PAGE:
The current e-commerce boom has shown that retailers need to adapt in order to survive, but it's not just the industry that needs to upskill - it's job seekers too.
The industry is currently going through the loop – traditional forms of retail have taken a seat, and digital platforms have begun taking over.
A multitude of omnichannel retailers have experienced a boom in online sales since the pandemic temporarily shut down stores. Shoppers who could no longer leave their house had to turn online to do their regular tasks.
How Has Retail Changed?
For Karen Edbrooke, the Founder of Big Girls Don’t Cry Anymore (Big Girls), the idea of retail has changed forever.
“With social distancing restrictions in place, COVID-19 has pushed many Australian businesses into the world of e-commerce. And, people are shopping online more than ever,” she explained.
“Our online sales have grown by over 50 percent during isolation – these numbers really surprised us! We have worked incredibly hard to increase our online services, support and marketing so that we can provide lingerie to women all over the country.”
The lingerie and swimwear brand experienced 50 percent growth in its online sales, which has driven the retailer to introduce innovations such as virtual bra fittings via Skype and FaceTime. “Fitting sessions are taking longer as staff now also showcase styles and different products as part of the process,” she said.
Adapting to Customer Expectations
With the explosion of popularity for online retail comes a change in demographic. While most online shoppers understood the process involved with e-commerce, older shoppers who aren’t as tech-savvy may need an extra bit of help.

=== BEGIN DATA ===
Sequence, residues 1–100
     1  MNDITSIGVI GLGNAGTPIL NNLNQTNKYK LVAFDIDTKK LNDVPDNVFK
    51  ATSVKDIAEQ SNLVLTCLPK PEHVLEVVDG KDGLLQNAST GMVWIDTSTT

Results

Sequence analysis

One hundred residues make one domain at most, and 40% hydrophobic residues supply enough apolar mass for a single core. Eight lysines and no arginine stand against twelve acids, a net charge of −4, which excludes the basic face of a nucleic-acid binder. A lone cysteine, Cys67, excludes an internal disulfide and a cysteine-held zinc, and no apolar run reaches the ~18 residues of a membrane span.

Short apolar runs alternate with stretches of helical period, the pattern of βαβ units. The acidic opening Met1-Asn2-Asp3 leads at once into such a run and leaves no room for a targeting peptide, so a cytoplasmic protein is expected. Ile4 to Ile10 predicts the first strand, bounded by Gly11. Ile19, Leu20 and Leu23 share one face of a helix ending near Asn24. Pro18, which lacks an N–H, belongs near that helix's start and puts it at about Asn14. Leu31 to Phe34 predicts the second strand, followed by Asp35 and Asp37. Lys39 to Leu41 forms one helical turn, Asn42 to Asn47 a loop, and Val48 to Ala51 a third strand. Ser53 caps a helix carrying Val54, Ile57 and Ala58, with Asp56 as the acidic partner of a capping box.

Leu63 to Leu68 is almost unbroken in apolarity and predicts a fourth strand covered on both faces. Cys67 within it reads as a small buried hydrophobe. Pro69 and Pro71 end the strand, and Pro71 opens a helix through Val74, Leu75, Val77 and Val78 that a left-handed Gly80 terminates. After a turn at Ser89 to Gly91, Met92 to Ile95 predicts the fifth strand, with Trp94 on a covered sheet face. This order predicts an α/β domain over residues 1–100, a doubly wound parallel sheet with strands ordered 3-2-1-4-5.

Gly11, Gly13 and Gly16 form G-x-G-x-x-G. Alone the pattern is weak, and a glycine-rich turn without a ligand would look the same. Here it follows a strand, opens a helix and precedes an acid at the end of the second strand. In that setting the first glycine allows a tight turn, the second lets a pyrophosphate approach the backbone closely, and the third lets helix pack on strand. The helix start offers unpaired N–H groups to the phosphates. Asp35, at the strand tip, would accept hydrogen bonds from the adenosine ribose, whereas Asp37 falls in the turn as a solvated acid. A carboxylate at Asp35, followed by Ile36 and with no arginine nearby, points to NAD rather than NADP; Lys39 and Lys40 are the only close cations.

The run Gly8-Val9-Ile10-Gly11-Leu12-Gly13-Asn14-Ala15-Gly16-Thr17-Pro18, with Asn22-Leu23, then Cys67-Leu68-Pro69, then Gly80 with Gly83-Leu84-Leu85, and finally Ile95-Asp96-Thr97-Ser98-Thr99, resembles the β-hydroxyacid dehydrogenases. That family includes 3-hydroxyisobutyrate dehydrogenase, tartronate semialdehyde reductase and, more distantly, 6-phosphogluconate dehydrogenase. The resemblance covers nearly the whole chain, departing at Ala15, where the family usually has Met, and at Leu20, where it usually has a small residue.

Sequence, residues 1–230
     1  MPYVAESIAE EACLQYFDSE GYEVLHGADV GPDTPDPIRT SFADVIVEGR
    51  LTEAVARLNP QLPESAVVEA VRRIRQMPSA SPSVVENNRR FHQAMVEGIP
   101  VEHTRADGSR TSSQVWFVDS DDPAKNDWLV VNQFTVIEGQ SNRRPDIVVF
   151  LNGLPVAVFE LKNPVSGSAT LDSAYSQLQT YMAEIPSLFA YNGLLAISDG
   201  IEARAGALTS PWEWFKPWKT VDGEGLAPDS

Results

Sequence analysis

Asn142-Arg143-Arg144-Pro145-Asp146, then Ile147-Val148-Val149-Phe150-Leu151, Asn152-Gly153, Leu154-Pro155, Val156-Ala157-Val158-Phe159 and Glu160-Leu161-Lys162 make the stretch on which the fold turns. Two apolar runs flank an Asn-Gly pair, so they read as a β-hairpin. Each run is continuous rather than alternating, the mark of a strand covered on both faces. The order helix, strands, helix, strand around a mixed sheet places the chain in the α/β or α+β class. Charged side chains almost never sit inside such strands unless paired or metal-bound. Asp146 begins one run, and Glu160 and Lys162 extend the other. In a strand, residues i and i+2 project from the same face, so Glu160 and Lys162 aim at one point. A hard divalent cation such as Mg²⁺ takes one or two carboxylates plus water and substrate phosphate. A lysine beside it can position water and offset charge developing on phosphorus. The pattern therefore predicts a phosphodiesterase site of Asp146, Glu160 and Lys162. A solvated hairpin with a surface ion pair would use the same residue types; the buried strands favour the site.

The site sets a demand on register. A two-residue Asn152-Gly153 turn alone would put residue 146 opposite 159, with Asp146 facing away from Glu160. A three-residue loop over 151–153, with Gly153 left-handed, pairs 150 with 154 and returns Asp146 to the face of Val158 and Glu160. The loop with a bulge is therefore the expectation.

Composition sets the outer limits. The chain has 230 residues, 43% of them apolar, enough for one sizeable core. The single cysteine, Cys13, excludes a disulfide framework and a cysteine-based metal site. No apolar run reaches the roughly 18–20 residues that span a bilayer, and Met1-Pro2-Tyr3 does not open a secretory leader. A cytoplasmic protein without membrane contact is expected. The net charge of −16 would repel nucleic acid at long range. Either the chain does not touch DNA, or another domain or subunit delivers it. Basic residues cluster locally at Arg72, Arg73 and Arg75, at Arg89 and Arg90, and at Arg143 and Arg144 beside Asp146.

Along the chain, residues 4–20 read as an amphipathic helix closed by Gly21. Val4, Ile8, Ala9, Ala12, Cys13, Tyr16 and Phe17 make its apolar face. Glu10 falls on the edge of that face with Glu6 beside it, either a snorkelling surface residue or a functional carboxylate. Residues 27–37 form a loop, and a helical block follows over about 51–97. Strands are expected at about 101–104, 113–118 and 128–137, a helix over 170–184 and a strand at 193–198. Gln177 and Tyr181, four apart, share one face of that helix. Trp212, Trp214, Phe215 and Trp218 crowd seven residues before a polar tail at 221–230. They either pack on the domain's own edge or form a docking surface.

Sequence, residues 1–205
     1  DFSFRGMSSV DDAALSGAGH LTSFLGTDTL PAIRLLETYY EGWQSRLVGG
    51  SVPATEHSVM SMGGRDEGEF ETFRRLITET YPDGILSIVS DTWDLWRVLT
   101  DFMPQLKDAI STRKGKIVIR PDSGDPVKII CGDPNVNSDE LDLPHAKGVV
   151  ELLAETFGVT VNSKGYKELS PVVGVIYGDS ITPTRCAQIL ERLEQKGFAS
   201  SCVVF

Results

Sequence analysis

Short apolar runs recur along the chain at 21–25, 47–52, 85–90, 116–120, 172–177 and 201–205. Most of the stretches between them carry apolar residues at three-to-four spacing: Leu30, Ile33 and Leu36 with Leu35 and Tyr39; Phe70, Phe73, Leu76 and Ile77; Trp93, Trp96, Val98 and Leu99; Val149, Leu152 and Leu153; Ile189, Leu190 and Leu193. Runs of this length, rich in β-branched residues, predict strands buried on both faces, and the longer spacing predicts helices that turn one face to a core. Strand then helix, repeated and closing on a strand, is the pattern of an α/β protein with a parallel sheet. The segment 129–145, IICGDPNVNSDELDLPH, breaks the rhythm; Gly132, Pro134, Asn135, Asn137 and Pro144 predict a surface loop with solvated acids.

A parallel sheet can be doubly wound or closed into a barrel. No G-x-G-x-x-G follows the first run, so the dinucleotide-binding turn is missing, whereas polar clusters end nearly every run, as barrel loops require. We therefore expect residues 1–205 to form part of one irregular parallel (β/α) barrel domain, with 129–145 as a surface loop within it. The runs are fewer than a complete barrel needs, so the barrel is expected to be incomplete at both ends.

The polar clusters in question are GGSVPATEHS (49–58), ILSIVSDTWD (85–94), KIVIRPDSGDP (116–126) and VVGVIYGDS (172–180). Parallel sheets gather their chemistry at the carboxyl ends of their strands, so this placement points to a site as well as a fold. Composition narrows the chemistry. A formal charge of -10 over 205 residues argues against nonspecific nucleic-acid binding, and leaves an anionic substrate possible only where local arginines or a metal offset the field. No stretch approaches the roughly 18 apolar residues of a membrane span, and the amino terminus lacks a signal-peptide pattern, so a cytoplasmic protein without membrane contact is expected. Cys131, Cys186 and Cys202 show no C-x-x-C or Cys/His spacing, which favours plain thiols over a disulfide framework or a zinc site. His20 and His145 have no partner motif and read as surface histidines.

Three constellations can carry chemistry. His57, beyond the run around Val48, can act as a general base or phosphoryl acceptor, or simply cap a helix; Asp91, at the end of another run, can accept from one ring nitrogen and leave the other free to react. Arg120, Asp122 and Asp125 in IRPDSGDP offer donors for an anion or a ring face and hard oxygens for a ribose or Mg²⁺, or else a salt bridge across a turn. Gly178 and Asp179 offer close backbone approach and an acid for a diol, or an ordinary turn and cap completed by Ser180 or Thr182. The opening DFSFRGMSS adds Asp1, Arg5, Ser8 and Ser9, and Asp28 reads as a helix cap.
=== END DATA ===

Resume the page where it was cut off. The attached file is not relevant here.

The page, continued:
“Our staff need to be able to assist customers with their technology needs to ensure they are able to undertake the virtual sessions with ease. Some of our customers are not that technology savvy and need help to work things out,” said Edbrooke.
Omnichannel and pureplay retailers from around Australia have seen similar experiences, with Accent Group seeing a 150 percent increase in digital sales and Rip Curl experiencing a lift in digital sales of 151 percent.
As retail continues to develop its online offering, it’s imperative that its team understands that the future is digital.
“What we’ve found is that our retail job skills have changed significantly. Our staff now need to be tech capable and confident working with different technology and digital platforms and programs,” said Edbrooke.
“Retail jobs are no longer ‘retail jobs’. They are tech jobs with a retail focus. COVID-19 has changed retail forever and the skills needed to work in a retail environment.”
What Does a Retail Job in 2020 Look Like?
Whether its brick and mortar or e-commerce, those looking to work in the industry will have to overlap and understand that new skills are required to stay ahead.
“Retail jobs are no longer ‘retail jobs’,” said Edbrooke. “They are tech jobs with a retail focus. COVID-19 has changed retail forever and the skills needed to work in a retail environment.”
Endbrooke said that her ‘ideal employee’ must:
- Have ‘excellent’ tech skills
- Understand digital platforms, including Skype and FaceTime
- Be social media savvy
- Be able to produce engaging video content
- Understand e-commerce platforms
“Jobs in retail are no longer about sales and service – they are about tech and communication,” Edbrooke said.
It’s not just brick and mortar employees that need to upskill – those who work in marketing, CX and everything in between need to also upgrade their skillset to help ride the wave.
In the last six months, customer behaviour has transformed. For marketers, develop a strong understanding of how a customer sees the retailer, and where retailers can improve.
“Our expansion plans had been in place for a while, however, COVID-19 really accelerated this process,” said Edbrooke. “As a team, we realised that our online services and offerings were more important than ever in this heightened time of worry and isolation.”
Ultimately, retail is rapidly changing the way Australians shop forever – if they don’t keep up, it runs the risk of collapsing. The same goes for retail employees – in order to stay successful in e-commerce, it’s time to upskill.
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